October is National Pit Bull Awareness Month, and the reality is, we have a lot of conversations ahead of us to be had about the lingering stereotypes around pit bulls. While shelters and activists alike have made great strides over the years to rebuild society’s perception of these dogs, the conversation isn’t over yet as we decipher how we can continue to be the best advocates for these animals. Establishing further effective advocacy for pit bulls is possible when we recognize the current obstacles these dogs face across shelters nationwide every day.

It’s time to rethink the way we use the term “pit bull.

Right off the bat, pit bulls are often misunderstood because many people assume the term “pit bull” refers to one breed, when in actuality, it is a sweeping term used to describe dogs who belong to several breeds or share similar physical characteristics. This conundrum in of itself can make it difficult to advocate for these dogs when two pit bulls may be as similar or dissimilar as any other two dogs.

Because of the indistinguishable judgments of what passes as a pit bull, this often leads to mislabeling of the breed, even by animal shelter workers. Recent research from the University of Florida reveals that shelter dogs with pit bull heritage breed DNA were properly identified only 33 to 75 percent of the time, and conversely, dogs lacking any genetic evidence of relevant breeds were labeled as pit bull-type dogs up to 48 percent of the time.

The “pit bull” label leads to a longer stay at the shelter.

While we may tend to think such labels don’t matter, we are finding that dogs labeled as pit bulls tend to experience a longer stay time at the shelter. A 2016 study shows that pit-bull type dogs may wait three times as longer as their lookalike breeds in the shelter. Yet, when potential adopters in this study were asked to rate photographs of the same dogs without breed labels, there was no difference in how attractive photographs of the two groups of dogs were seen. This suggests there could be a discrepancy in a potential adopter’s desire for an animal based on the labeling of breeds performed by shelter workers, which may in of itself be inaccurately skewed.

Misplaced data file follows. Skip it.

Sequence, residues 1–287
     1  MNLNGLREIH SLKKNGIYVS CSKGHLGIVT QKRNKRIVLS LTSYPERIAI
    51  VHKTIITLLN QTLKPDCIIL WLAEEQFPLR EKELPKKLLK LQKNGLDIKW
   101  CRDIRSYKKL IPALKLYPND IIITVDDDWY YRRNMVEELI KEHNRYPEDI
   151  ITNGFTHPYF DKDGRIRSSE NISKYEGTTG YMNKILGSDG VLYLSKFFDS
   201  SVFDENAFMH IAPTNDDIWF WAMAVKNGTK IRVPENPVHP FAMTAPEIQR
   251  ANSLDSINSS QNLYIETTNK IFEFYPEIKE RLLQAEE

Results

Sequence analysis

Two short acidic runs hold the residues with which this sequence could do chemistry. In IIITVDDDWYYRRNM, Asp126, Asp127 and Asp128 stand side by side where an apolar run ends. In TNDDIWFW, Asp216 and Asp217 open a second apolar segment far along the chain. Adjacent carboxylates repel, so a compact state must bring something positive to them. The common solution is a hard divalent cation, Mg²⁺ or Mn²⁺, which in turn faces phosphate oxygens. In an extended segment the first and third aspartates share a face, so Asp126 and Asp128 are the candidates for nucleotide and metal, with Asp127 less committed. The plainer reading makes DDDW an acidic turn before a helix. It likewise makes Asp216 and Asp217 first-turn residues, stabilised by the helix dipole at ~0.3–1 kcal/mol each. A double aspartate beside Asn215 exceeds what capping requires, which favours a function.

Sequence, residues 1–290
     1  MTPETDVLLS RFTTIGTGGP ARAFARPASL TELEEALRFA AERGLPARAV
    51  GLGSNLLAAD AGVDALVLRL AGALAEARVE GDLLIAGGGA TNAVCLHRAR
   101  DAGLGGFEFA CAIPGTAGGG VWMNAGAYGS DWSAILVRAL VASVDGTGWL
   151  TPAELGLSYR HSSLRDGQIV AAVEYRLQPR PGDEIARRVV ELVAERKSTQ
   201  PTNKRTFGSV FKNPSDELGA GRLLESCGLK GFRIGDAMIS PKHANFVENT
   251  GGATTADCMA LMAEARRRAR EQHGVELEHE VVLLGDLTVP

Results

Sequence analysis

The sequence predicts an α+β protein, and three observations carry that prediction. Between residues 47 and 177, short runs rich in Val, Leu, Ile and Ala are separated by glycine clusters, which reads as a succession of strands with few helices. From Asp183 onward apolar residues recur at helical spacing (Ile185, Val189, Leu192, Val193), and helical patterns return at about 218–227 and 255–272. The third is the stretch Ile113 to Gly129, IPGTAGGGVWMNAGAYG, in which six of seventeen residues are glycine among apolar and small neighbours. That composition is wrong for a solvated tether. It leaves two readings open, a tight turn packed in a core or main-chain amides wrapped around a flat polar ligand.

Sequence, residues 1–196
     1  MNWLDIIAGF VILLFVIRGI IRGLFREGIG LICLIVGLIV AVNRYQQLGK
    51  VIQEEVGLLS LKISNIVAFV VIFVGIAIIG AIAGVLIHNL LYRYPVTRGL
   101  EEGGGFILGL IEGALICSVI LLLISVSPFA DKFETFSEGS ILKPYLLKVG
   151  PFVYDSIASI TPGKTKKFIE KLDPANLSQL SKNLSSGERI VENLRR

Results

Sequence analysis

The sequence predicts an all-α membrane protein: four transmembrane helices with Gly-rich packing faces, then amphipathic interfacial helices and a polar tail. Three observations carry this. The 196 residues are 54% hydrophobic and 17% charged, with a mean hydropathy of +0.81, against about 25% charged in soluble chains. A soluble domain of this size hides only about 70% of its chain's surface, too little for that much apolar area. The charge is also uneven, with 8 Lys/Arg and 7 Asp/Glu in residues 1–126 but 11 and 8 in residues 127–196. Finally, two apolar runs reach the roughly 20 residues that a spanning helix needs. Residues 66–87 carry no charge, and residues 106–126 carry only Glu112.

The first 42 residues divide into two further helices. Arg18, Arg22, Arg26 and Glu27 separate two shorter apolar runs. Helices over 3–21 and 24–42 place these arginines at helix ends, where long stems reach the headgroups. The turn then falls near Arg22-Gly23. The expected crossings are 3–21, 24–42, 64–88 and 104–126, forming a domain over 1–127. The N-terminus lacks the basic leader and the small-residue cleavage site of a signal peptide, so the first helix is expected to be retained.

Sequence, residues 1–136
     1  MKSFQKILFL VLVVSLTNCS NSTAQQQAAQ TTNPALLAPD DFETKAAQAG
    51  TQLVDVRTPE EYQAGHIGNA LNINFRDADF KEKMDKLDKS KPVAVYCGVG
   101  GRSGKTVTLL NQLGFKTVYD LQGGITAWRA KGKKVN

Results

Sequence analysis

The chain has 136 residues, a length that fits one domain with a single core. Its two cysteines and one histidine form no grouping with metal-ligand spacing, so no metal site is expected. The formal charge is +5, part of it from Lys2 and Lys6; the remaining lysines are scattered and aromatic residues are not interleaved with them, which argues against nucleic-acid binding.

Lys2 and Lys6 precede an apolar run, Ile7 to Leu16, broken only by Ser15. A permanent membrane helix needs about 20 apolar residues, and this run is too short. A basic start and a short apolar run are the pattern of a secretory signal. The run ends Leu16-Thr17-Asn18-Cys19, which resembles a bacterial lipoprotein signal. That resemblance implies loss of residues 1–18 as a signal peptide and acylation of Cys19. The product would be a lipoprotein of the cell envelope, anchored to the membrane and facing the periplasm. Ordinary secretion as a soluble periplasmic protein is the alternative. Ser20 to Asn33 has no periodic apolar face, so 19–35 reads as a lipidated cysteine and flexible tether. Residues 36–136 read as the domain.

Longer stays often result in development of anxiety-induced behavioral issues.

Regardless of what causes their extended stay, behavioral issues that formulate over time during their stays only perpetuate existing beliefs about pit bulls and worsen this crisis. It makes sense that months of solitary confinement in a loud and high-stress environment can create the perfect storm for any living being to have a mental breakdown, even if they are being loved and cared for by staff during the day. While this applies to any shelter pet, when you think about the extended stay that pit bull type dogs and similar breeds experience, this mental crisis is only amplified and becomes expressed through their behavior.

Pit bulls are one of the most common types of dogs to end up in shelters yet struggle to find or stay in homes due to breed-specific legislation and restrictions.

Even for those who do want to take a pit bull home, it may be impossible due to breed-specific legislation and restrictions that apply to where they live. “Breed-specific legislation and restrictions” refers to laws, rules, and/or regulations that target certain dog breeds in an attempt to control dog attack incidents in the public. They may vary from an apartment building refusing to rent to people who own a certain breed of dog, home insurance policies refusing to cover certain dog breeds, or even local government enforcing legislation in which ownership of certain breeds becomes banned and can lead to fines or seizing of dogs.